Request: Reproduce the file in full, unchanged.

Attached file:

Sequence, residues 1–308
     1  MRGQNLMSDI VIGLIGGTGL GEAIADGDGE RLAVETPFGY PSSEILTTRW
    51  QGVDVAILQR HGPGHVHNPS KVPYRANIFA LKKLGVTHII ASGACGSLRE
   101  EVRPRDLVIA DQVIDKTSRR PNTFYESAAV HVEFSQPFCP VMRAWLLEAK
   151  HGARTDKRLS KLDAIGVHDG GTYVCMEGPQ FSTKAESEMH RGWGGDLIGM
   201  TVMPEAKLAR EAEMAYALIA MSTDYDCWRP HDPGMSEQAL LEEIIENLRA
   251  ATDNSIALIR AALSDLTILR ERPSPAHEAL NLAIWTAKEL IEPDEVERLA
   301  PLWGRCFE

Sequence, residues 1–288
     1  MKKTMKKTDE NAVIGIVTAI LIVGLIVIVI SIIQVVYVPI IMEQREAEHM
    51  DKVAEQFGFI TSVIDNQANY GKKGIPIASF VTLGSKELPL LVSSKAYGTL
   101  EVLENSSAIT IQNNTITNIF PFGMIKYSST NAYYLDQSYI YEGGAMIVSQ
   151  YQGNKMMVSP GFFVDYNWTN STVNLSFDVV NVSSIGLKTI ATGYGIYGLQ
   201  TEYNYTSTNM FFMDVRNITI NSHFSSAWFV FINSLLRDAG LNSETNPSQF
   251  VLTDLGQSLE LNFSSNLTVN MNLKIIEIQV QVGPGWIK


Sequence, residues 1–308
     1  MRGQNLMSDI VIGLIGGTGL GEAIADGDGE RLAVETPFGY PSSEILTTRW
    51  QGVDVAILQR HGPGHVHNPS KVPYRANIFA LKKLGVTHII ASGACGSLRE
   101  EVRPRDLVIA DQVIDKTSRR PNTFYESAAV HVEFSQPFCP VMRAWLLEAK
   151  HGARTDKRLS KLDAIGVHDG GTYVCMEGPQ FSTKAESEMH RGWGGDLIGM
   201  TVMPEAKLAR EAEMAYALIA MSTDYDCWRP HDPGMSEQAL LEEIIENLRA
   251  ATDNSIALIR AALSDLTILR ERPSPAHEAL NLAIWTAKEL IEPDEVERLA
   301  PLWGRCFE

Sequence, residues 1–288
     1  MKKTMKKTDE NAVIGIVTAI LIVGLIVIVI SIIQVVYVPI IMEQREAEHM
    51  DKVAEQFGFI TSVIDNQANY GKKGIPIASF VTLGSKELPL LVSSKAYGTL
   101  EVLENSSAIT IQNNTITNIF PFGMIKYSST NAYYLDQSYI YEGGAMIVSQ
   151  YQGNKMMVSP GFFVDYNWTN STVNLSFDVV NVSSIGLKTI ATGYGIYGLQ
   201  TEYNYTSTNM FFMDVRNITI NSHFSSAWFV FINSLLRDAG LNSETNPSQF
   251  VLTDLGQSLE LNFSSNLTVN MNLKIIEIQV QVGPGWIK